TW04013 WINHEC2004

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Information about TW04013 WINHEC2004

Published on January 9, 2008

Author: Renzo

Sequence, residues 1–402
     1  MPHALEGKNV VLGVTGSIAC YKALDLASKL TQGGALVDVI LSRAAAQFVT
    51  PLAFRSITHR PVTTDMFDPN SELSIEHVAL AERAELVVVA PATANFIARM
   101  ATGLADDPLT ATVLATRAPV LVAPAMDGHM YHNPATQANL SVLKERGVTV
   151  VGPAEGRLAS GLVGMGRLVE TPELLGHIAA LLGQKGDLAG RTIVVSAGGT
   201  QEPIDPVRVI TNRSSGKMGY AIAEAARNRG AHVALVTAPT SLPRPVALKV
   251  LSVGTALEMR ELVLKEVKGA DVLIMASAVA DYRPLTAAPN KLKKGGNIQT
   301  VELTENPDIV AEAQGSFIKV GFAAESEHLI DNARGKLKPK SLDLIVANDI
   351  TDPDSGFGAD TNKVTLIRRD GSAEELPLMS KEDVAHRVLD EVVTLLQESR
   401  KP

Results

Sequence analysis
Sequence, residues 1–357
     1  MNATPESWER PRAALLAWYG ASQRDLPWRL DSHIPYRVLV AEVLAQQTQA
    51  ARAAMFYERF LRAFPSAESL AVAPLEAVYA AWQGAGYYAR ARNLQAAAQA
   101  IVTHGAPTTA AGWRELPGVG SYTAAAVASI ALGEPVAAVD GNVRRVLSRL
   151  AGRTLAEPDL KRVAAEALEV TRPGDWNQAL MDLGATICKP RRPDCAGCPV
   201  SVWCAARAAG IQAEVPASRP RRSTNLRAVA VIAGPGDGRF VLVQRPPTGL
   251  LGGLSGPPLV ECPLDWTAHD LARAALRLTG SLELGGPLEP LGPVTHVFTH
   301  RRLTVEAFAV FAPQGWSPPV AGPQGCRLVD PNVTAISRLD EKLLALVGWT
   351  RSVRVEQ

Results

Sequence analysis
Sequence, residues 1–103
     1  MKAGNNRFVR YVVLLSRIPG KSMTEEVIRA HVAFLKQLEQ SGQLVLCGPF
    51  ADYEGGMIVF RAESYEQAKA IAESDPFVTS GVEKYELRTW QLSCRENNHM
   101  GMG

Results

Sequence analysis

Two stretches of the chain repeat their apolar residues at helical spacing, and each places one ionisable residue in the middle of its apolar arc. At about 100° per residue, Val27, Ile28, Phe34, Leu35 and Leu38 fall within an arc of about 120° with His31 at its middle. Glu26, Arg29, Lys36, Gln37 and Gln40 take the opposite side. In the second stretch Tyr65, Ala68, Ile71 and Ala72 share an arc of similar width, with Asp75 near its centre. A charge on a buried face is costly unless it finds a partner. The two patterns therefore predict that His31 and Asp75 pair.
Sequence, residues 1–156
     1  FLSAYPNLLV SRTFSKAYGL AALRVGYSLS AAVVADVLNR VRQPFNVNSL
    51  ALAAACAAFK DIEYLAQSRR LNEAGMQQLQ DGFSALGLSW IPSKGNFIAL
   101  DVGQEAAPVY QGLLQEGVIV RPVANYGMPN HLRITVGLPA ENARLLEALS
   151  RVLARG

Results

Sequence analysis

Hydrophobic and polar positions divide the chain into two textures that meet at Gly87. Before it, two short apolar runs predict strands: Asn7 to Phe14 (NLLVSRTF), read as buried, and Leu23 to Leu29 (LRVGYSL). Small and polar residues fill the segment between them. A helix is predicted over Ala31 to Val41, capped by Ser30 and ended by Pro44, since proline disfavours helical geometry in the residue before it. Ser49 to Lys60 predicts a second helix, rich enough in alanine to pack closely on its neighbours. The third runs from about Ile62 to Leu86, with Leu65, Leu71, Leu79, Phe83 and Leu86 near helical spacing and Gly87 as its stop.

Graphics On The Windows Desktop:  Graphics On The Windows Desktop Kerry Hammil Agenda:  Agenda Update on graphics hardware tiers and requirements for the next version of Microsoft’s operating system, codenamed “Longhorn” Changes to Windows Longhorn’s Desktop Composition Engine architecture How desktop composition interacts with other graphics technologies Windows Longhorn graphics and power management How Windows Longhorn Uses The Graphics Hardware:  How Windows Longhorn Uses The Graphics Hardware Windows Longhorn uses the graphics hardware in two major ways Applications Use graphics hardware to improve performance, achieve higher quality visual output, and offload work from the CPU to the GPU There are no discrete levels of hardware acceleration for applications that use Avalon; quality and performance improve on a smooth scale as graphics hardware becomes more powerful User experience Use graphics hardware to enable powerful, graphically rich user experience elements in the Windows Longhorn user interface There are two discrete levels of user experience in Longhorn As graphics hardware becomes more powerful, user experience becomes richer in discrete steps Windows Longhorn User Experience Tiers:  Windows Longhorn User Experience Tiers Windows Longhorn will introduce a new, graphically rich user experience named “Aero” A mode of Aero named “Aero Glass” will be available on higher end graphics hardware The Windows Longhorn graphics tiers will be directly reflected in the Windows Longhorn logo program Understanding how the tiers are structured will help you design hardware that works well on Windows Longhorn Exact details of how tiers map to the logo program are forthcoming Slide5:  Demo Aero:  Aero The Aero user experience is a generational leap beyond the Windows XP user experience Aero is built on Avalon and will use graphics hardware acceleration where available Hardware requirements DirectX 9 GPU This has changed since last WinHEC due to the market trends and updated Windows Longhorn RTM date 32 MB VRAM This is required to support the Longhorn minimum resolution of 1024x768x32bpp AGP 4x bus for discrete GPUs or UMA configurations for integrated GPUs are both sufficient Machines with graphics hardware that does not meet the Aero bar will not qualify for a Windows Longhorn logo Aero Glass:  Aero Glass Remember Jim Allchin’s keynote demo How Windows Longhorn Scales With GPU Power :  How Windows Longhorn Scales With GPU Power Increasing GPU power Better performance and visual quality Applications User experience Aero Glass:  Aero Glass Aero Glass is the highest fidelity user experience on Windows Longhorn Aero Glass contains all of the features of Aero and also includes several new features that make extensive use of the graphics hardware to create visually rich effects That means it has higher graphics hardware requirements than Aero Hardware requirements DirectX9 GPU (Pixel Shader 2.0 support) 64 MB VRAM (128 MB recommended) Longhorn Display Driver Model AGP 4x bus for discrete GPUs Dual-channel UMA configs may qualify, but we will know for sure this summer Performance qualification Classic:  Classic Under some circumstances, a Windows Longhorn user may choose to run with Classic visuals Classic UI visually resembles the Windows 2000 UI But all of the new non-UI Longhorn features are still available Classic is designed for IT professionals and enterprises Enterprises may want to run the Classic user interface for a while as they give their employees training in the new user interface features in Windows Longhorn Classic will be used as a fallback for machines that do not have sufficient graphics hardware to run Aero Aero Glass Performance Requirements:  Aero Glass Performance Requirements Adequate GPU performance is also necessary to deliver a good user experience on Aero Glass Windows Longhorn will only run Aero Glass if the user experience is consistent, smooth and reliable The Desktop Composition Engine should run at monitor refresh rate whenever possible On CRTs with very high refresh rates, the composition engine may run at half the screen refresh rate If the composition engine framerate falls below 30 fps, users begin to perceive stutters and lag in animations and UI operations UI latency is another very important measure of quality. There must be enough CPU and GPU resources left over for applications to run with high quality, good framerate and low UI latency Aero Glass Qualification Test:  Aero Glass Qualification Test Microsoft will develop a qualification test that is used to determine whether a system is capable of running Aero Glass with high quality The test will run at install time or when a major system configuration change is made In addition to testing GPU caps and verifying available video memory, the Aero Glass qualification test check whether performance is adequate Existing graphical benchmarks do not capture the performance scenarios that are most important for Aero Glass The performance test will run Aero Glass with medium to high workloads It will measure composition framerate and UI latency for both the desktop and for applications The test will be published at least 18 months before Windows Longhorn ships Desktop Composition Architecture:  Desktop Composition Architecture There have been several design changes to the Desktop Composition Engine since last year We’ve added two components: Desktop Window Manager and Unified Composition Engine The Desktop Window Manager (DWM) is a component that manages window policies, behaviors and visual appearance The Unified Composition Engine (UCE) can run on the desktop or within an application On the desktop, the UCE composes all of the window content together and presents it on the screen Within applications, the UCE composes content like controls and other UI objects together within the app window The component we’ve called the Desktop Composition Engine in the past is really the combination of the DWM and the UCE Desktop Window Manager Architectural Overview:  Desktop Window Manager Architectural Overview . UCE UCE UCE App1 App 2 App 3 UCE DWM Direct3D Backbuffer DWM Process boundary Window frames Client area Client area Client Area Desktop Composition Hardware Usage Patterns:  Desktop Composition Hardware Usage Patterns Desktop composition uses exactly the same technologies to draw as Avalon applications use, so there are many similarities in hardware requirements All of the things you heard in the previous session, “TW04006 – Avalon Graphics – 2D, 3D, Imaging and Composition”, apply to desktop scenarios The nature of the content drawn on the desktop is somewhat different than content applications typically draw, though The desktop has a very low poly count Windows are typically less than 10,000 polygons The desktop uses a lot of very large textures Window client areas are each represented by a single large texture Textures are updated frequently because as the window client area changes, we update a portion of the existing client area texture instead of creating a brand new texture Graphics hardware and drivers will want to take into account the different usage patterns on the desktop Desktop Window Manager Features:  Desktop Window Manager Features Since the Desktop Window Manager is written using Avalon, it makes a broad and rich set of features available to the applications and to the UI Features in the Windows Longhorn UI Transparent, blurred window frames Window transition animations Rich graphics in the window frame Features that applications can use Animations of top-level windows Soft-edge clipping for non-rectangular windows Features that are core to the Windows Longhorn operating system High DPI scaling Accessibility magnification GDI Hardware Acceleration:  GDI Hardware Acceleration GDI hardware acceleration will be disabled when desktop composition is enabled This is because GDI rendering is being redirected to an offscreen surface rather than going directly to the screen GDI hardware acceleration will also be turned off if the LDDM is running because the GDI DDIs are not part of the new driver model This causes GDI applications to run a little slower, but given the speed of CPUs these days the effect on the end user is minimal Front Buffer Access:  Front Buffer Access Direct access to the front buffer is not available when the composition engine is running Applications will not be able to write directly to the front buffer because the composition engine owns the front buffer and requires that app rendering be redirected into an offscreen surface Reading the front buffer will not be an effective mechanism for screen capture The Desktop Window Manager will provide a new screen capture mechanism that works while desktop composition is running Overlays will not work when the composition engine is running The Windows Longhorn video platform will use techniques other than overlays to display video When Does Desktop Composition Run?:  When Does Desktop Composition Run? The goal in Windows Longhorn is to run desktop composition as frequently as possible Desktop composition is required for Aero Glass For Aero, we would like to run desktop composition as much as we can because high dpi scaling and accessibility magnification depend on it There will be some scenarios where desktop composition cannot run, but these will be exceptions Application compatibility – applications that cannot run with desktop composition enabled Low-powered video hardware – Cards with less than a DirectX 9 level of capability will not be able to run the composition engine Driver stability – If the user is running a driver that has blue screened, the user may choose not to use features that require graphics hardware acceleration Our goal is for the exceptions to affect only a small percentage of users Desktop Composition And Full Screen Applications:  Desktop Composition And Full Screen Applications Sometimes applications will want to run in full screen exclusive mode to ensure that they have full control of the GPU resources In these scenarios, the composition engine will stop composing the desktop and it will turn over control of the GPU to the exclusive mode application The composition engine will not shut down entirely, though When the exclusive mode application loses focus or exits, the composition engine will start drawing the desktop again Video On The Desktop:  Video On The Desktop Glitch free video is an important scenario for Windows Longhorn For more information on glitch free video, attend TW04066: Preparing the Platform for Windows Longhorn Media Processing Video presents some unique challenges in the context of desktop composition Video must play at its native framerate, which may be different than the display’s refresh rate Both video and the composition engine must have adequate hardware resources so that both display smoothly We are investigating design options for the UCE and DWM that will allow video to run smoothly when desktop composition is enabled Windows Longhorn Display Driver Model:  Windows Longhorn Display Driver Model LDDM is critical for the Windows Longhorn desktop and for hardware accelerated Avalon applications The desktop must be rock-solid – video driver instability can take down the entire desktop as well as applications that hold critical user data With the composition engine and multiple applications using the graphics hardware simultaneously, GPU scheduling and memory management are required to ensure a smooth, consistent experience for the user Because of these things it is a requirement for Aero Glass and it is highly recommended for Aero as well Come hear more about LDDM at the following sessions tomorrow morning TW04079 – Windows Graphics Foundation  -- Overview of Windows Graphics and the next generation graphics architectures DW04018 – Windows Longhorn Display Driver Model – Details and Requirements Windows Longhorn Graphics Power Management:  Windows Longhorn Graphics Power Management Windows Longhorn’s heavy use of graphics hardware creates the potential for over consumption of power on mobile devices Heat dissipation is also an issue, especially for thin and light laptops and Tablet PCs We want to make it possible to run Aero Glass on mobile hardware Running Aero Glass on a laptop should not mean the user must always stay plugged in to AC power However, the user will be able to control whether Aero Glass runs on their mobile device when it is unplugged from AC power Power consumption measurement and optimization is a high priority for Avalon Power Testing Methodology:  Power Testing Methodology Right now, the most reliable way to gather power consumption data is to use laptops that are instrumented at the hardware level to report power usage for each component on the motherboard This gives us good data but instrumented systems are pretty rare and testing on them is a time consuming process We have begun to run power consumption tests using Avalon applications to gather preliminary data Graphics IHVs can help us ensuring that you provide instrumented graphics hardware to the Windows core power team if you have not done so already Power Optimization Strategies:  Power Optimization Strategies Avalon will pursue some power optimization strategies in software Scale back composition framerate to a certain extent, but not below 30 fps Ensure that Avalon and desktop composition uses memory efficiently Allow users to set power consumption policy; Users that specify that they want to maximize battery life may be prompted to run Aero instead of Aero Glass More optimizations will be found as we continue our power testing One thing we can’t do is turn off Aero Glass features one by one to save power This creates a very confusing user experience – i.e., a feature is working one moment and gone the next How Graphics Hardware Can Help Aero Glass Run Well On Mobiles:  How Graphics Hardware Can Help Aero Glass Run Well On Mobiles Graphics hardware can help ensure that power consumption is as efficient as possible The Windows core power team has a set of best practices for power managing your hardware Attend TW04089-Windows Longhorn ACPI and Power Management – Part 2 to hear more about Windows Longhorn power management best practices The display driver can affect power consumption, too Don’t busy wait in the display driver – this keeps CPU utilization high and chews through power Generally, be careful of CPU and GPU utilization in the driver; When you can, avoid operations that will prevent the CPU and GPU from entering the lowest power states, such as polling on intervals <= 1 ms Power Optimization Schedule:  Power Optimization Schedule Now through Beta 1: Microsoft will begin testing Avalon and Aero Glass for power consumption Post Beta 1: Power management will be a major focus for Avalon until Windows Longhorn RTM How you can help Work with the Windows core power team to ensure they have instrumented mobile hardware for us to test Begin doing power consumption testing on your video drivers and fix anything that causes unnecessary power drain Summary:  Summary Application and user experience both use the hardware Two user experience tiers Aero Aero Glass Remember Jim Allchin’s keynote demo! Mobile GPU power consumption Community Resources:  Community Resources Community Sites List of Newsgroups Attend a free chat or Web cast Locate a local user group(s) Non-Microsoft Community Sites Call To Action:  Call To Action Give us feedback Read the graphics hardware requirements white paper on the WinHEC CD Find us at “Ask the Avalon Graphics Experts” this evening Support the LDDM Continue making GPUs that conserve power on mobiles